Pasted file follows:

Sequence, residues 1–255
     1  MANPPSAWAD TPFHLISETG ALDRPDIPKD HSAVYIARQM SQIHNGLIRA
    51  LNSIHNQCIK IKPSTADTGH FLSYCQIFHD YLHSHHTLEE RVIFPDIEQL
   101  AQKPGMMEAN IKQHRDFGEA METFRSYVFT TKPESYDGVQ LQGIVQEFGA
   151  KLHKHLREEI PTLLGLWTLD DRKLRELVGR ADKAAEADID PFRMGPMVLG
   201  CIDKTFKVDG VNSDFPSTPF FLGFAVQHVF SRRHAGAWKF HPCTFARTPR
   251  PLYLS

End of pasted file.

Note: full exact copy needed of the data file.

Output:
Sequence, residues 1–255
     1  MANPPSAWAD TPFHLISETG ALDRPDIPKD HSAVYIARQM SQIHNGLIRA
    51  LNSIHNQCIK IKPSTADTGH FLSYCQIFHD YLHSHHTLEE RVIFPDIEQL
   101  AQKPGMMEAN IKQHRDFGEA METFRSYVFT TKPESYDGVQ LQGIVQEFGA
   151  KLHKHLREEI PTLLGLWTLD DRKLRELVGR ADKAAEADID PFRMGPMVLG
   201  CIDKTFKVDG VNSDFPSTPF FLGFAVQHVF SRRHAGAWKF HPCTFARTPR
   251  PLYLS